More Canadians are running into serious issues with their mortgage payments according to a new report.
Consumer 90-day mortgage delinquencies rose 1.5% to 0.18% in the fourth quarter of 2018 compared to a year earlier while the comparable non-mortgage rate increased 0.4% to 1.07%.
The figures from Equifax follow two significant quarterly increases in consumer bankruptcies.
“As we expected, the worm is turning in the Canadian credit market,” said Bill Johnston, Vice President of Data & Analytics at Equifax Canada. “Bankruptcies are up 15% in the last half of 2018 and the small increase in delinquency rates mask some underlying weakness. Rising delinquency is likely to become the norm in 2019.”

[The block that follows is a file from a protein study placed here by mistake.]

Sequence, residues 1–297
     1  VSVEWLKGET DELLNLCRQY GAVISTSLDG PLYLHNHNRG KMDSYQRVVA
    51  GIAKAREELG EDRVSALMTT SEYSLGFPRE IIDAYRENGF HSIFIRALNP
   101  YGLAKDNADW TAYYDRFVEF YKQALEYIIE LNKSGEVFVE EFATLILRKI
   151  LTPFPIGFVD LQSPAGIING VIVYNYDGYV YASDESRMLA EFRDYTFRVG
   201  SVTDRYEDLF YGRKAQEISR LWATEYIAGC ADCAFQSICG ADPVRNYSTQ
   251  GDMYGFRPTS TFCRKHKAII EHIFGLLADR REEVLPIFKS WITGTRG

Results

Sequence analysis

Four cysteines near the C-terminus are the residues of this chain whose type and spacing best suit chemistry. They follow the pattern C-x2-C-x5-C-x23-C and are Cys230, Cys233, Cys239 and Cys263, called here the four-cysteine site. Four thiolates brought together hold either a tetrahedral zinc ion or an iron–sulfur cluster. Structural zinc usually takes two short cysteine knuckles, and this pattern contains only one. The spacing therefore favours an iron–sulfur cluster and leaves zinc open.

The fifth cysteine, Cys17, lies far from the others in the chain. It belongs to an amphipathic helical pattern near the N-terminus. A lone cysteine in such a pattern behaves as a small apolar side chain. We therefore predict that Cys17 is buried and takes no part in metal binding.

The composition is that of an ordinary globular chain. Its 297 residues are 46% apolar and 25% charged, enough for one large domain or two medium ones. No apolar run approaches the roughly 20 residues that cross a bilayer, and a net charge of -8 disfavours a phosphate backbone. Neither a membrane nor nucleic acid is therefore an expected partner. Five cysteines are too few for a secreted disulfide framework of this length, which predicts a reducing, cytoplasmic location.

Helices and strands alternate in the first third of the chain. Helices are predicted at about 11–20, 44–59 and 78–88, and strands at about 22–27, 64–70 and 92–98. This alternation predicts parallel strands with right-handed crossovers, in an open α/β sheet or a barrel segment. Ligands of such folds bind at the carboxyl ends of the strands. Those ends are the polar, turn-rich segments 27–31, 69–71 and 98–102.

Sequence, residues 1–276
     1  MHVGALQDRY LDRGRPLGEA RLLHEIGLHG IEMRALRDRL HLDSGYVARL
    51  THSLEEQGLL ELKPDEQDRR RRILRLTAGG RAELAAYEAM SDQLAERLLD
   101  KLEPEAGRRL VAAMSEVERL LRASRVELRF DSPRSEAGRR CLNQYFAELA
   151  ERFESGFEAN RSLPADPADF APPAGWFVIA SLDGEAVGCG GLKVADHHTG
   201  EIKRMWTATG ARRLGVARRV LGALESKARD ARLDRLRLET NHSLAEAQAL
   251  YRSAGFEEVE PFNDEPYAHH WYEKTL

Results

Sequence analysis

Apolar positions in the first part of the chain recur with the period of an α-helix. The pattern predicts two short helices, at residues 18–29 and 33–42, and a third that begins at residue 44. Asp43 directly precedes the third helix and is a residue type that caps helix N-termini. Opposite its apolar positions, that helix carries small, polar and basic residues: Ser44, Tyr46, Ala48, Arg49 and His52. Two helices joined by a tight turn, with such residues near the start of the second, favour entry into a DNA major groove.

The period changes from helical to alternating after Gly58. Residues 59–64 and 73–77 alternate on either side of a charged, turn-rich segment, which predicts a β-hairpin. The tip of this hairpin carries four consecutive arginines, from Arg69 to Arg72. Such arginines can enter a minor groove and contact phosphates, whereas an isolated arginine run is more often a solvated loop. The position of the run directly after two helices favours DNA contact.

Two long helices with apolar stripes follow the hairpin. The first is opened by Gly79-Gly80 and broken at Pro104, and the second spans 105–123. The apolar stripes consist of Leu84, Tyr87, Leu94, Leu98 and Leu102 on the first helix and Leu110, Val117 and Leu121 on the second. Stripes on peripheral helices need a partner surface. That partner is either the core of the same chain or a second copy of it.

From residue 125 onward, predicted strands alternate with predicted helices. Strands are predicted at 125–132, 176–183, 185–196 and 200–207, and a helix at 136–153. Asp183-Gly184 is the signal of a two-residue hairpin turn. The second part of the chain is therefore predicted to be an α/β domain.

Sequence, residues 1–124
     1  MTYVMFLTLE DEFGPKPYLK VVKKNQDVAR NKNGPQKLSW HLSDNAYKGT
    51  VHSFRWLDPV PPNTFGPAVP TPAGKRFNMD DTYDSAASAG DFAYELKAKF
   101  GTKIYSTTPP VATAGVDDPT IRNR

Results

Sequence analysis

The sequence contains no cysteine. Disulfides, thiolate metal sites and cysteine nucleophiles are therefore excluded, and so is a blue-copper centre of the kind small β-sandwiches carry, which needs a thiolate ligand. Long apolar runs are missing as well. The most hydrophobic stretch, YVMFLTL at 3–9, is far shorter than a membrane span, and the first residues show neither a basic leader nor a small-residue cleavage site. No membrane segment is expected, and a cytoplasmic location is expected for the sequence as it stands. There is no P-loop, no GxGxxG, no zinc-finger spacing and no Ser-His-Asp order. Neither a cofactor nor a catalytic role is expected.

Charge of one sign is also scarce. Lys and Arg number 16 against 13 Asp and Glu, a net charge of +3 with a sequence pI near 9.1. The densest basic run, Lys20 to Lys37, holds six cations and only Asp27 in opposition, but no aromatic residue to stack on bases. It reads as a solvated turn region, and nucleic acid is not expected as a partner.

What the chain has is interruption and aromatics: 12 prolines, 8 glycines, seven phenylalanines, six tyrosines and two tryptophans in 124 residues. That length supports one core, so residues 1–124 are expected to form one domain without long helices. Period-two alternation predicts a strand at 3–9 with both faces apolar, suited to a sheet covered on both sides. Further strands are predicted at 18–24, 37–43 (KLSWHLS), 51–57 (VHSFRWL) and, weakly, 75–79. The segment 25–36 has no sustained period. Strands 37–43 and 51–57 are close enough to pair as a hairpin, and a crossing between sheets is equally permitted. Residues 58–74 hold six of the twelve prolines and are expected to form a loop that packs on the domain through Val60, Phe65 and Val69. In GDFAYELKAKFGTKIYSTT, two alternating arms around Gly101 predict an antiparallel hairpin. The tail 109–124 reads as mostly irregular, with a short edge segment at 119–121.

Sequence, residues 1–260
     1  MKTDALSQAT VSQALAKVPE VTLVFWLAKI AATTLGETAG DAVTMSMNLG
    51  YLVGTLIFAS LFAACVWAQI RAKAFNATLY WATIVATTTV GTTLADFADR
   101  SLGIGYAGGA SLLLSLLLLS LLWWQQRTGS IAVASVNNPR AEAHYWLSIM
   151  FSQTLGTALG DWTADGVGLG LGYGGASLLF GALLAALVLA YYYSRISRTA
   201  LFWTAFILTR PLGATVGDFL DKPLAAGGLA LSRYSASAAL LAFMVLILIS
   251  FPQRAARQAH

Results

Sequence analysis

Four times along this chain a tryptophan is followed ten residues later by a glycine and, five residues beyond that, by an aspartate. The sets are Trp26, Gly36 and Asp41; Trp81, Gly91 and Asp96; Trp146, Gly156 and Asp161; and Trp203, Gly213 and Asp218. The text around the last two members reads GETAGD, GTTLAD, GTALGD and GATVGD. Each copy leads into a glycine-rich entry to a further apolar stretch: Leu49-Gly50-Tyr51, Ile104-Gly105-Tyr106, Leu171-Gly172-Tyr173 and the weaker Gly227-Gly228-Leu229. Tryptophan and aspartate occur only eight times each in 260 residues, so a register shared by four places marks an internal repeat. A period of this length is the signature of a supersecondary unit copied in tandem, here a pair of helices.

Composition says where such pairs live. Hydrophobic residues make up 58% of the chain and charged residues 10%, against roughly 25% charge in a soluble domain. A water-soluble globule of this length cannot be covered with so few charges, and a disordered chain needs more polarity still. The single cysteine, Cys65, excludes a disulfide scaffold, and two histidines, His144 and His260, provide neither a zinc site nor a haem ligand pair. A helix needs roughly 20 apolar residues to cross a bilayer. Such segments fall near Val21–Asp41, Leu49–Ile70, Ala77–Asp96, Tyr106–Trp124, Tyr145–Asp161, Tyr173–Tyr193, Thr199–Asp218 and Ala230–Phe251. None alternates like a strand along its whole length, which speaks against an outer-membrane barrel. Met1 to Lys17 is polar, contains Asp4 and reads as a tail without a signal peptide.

Total consumer debt including mortgages also increased to $1.906 trillion in Q4, up from $1.821 trillion in Q4 2017 (+4.6 per cent). The average non-mortgage holding for consumers has reached $23,520, a 3% increase from the same quarter last year.
Mortgage delinquencies remained very low but some regions have posted a sharp rise; Manitoba was up 19%, Saskatchewan up 9%, Quebec up 4%, and Ontario up 2%.
Seniors delinquencies increased
The share of mortgages held by Canadian seniors saw a rise in the 90-day delinquency rate, the third straight quarter of increases.
In Q4, the delinquency rate for seniors was up by 7.2% and the increases are gaining momentum.